Reflection: Organizational Systems Background Knowledge and Independent Reading - Section 2: Application

 

I wish I could tell you honestly that during independent reading time, I'm circulating among my students, stopping in to confer, to check for understanding and to challenge with my guiding questions.

This does happen, but not as much as I want it to.

In the beginning of establishing independent reading time in my classroom, when we were still building our stamina, I read alongside the students. I read adolescent literature, so that they saw me as a peer reader. I wanted to build the kind of relationship with my students where we recommended books to each other, where we share a love of reading. And it was a success! ALL of my students have become independent and sophisticated readers.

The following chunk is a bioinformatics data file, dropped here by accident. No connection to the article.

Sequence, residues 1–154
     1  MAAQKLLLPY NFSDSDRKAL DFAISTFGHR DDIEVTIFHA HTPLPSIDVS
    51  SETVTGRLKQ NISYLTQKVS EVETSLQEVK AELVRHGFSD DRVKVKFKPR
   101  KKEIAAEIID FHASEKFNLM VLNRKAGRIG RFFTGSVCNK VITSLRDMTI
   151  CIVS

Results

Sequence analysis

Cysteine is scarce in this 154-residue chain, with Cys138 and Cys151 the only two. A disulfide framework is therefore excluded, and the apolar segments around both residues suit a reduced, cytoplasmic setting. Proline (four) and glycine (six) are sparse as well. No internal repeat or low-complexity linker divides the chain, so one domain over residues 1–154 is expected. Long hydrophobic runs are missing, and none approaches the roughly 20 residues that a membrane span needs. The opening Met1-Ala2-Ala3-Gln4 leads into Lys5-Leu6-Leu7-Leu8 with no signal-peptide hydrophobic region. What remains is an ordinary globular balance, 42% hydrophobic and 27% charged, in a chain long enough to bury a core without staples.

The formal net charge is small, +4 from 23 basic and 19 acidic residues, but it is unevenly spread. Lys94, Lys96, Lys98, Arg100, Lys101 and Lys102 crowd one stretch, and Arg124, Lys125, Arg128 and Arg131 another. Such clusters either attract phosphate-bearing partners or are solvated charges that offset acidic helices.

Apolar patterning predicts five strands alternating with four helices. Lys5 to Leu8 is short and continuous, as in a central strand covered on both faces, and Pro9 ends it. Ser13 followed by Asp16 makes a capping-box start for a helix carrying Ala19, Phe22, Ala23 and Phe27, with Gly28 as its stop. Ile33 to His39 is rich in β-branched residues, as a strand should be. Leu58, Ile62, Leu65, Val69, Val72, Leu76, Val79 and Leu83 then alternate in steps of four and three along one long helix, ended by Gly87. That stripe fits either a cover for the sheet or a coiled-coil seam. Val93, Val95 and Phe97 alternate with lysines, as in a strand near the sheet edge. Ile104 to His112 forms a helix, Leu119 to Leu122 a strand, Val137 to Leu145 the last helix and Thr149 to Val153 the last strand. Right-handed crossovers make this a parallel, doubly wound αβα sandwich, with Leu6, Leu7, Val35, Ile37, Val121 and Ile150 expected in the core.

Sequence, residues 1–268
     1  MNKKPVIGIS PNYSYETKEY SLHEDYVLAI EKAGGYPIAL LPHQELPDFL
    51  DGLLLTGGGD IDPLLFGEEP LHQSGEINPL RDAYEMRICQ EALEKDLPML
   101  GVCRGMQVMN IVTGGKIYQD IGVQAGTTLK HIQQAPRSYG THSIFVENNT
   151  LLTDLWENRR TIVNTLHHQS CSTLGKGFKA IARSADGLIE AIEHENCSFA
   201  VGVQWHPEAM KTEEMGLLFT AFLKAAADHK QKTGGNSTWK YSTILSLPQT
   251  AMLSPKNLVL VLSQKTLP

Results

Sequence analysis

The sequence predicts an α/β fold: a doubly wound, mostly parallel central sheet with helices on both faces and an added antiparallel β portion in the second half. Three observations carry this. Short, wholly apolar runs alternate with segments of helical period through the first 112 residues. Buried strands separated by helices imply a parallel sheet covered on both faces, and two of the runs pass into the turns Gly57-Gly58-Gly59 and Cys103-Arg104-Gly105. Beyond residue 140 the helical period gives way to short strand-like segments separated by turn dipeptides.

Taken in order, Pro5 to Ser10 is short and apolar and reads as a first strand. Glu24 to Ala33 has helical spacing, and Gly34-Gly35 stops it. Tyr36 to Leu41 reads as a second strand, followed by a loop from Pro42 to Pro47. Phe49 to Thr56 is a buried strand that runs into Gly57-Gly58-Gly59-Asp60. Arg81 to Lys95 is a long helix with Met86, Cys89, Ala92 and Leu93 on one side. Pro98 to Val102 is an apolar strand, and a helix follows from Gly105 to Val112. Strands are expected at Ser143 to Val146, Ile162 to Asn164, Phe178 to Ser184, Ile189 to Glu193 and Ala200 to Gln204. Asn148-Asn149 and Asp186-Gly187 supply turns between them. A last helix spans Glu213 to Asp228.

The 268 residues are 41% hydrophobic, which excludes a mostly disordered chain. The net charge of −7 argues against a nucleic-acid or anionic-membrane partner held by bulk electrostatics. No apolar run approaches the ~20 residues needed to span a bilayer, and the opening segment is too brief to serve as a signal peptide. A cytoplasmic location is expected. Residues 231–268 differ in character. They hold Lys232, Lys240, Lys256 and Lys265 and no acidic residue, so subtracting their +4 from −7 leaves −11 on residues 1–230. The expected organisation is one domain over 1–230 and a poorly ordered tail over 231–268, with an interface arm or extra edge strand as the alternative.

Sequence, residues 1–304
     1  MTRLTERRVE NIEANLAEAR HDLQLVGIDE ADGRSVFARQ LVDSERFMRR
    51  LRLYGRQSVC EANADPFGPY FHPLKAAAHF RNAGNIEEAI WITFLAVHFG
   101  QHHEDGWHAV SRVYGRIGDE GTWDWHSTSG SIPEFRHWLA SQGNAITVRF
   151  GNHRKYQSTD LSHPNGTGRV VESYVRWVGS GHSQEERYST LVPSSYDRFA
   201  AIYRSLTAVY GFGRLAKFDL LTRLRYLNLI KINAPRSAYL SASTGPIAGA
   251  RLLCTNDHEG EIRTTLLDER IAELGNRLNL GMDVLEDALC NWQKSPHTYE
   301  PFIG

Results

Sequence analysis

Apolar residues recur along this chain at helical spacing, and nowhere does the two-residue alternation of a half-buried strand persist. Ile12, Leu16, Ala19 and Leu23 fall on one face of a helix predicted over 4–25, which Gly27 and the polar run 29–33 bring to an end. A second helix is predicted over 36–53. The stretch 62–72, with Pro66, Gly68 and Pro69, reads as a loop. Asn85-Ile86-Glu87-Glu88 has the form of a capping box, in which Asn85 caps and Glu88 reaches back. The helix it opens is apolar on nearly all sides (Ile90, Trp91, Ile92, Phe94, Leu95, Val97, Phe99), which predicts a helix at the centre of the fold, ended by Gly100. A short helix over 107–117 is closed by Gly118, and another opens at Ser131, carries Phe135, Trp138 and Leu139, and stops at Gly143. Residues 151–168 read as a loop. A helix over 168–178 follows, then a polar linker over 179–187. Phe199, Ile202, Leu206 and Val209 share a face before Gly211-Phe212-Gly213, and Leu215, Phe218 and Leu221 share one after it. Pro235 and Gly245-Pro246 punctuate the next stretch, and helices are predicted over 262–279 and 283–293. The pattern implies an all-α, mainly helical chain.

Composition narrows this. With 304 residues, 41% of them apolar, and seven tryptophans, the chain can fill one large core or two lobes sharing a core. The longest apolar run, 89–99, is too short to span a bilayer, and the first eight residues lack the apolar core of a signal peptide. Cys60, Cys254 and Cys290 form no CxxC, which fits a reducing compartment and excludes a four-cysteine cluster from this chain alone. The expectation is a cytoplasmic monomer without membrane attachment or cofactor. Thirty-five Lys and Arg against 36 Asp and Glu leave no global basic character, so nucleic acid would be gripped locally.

Bus, as they became more independent and confident in reading, I became more laissez faire. At times, I jump behind my desk to plug in grades, or I respond to a plethora of parent emails. This is a valuable time, and I know I need to use it to push my readers, but when it's silent in my classroom and my students are engaged in their books, the temptation to catch up on my work is real.

Does this happen to anyone else? What are some tips or guidance for avoiding this "temptation"?

  What I'm (Really) Doing During Independent Reading
  Organizational Systems: What I'm (Really) Doing During Independent Reading
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Background Knowledge and Independent Reading

Unit 5: Independent Reading
Lesson 18 of 20

Objective: SWBAT: Make connections between what they are reading independently to our book, or to themselves.

Big Idea: Sometimes we get so wrapped up in new concepts, we forget to give the kids an opportunity to practice reading on their own.

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1 teacher likes this lesson
Subject(s):
English / Language Arts, text to text connections, Reading, Comprehension (Reading), Reading Fluency, background knowledge, schema, text to self connections, text to world connections
  55 minutes
 
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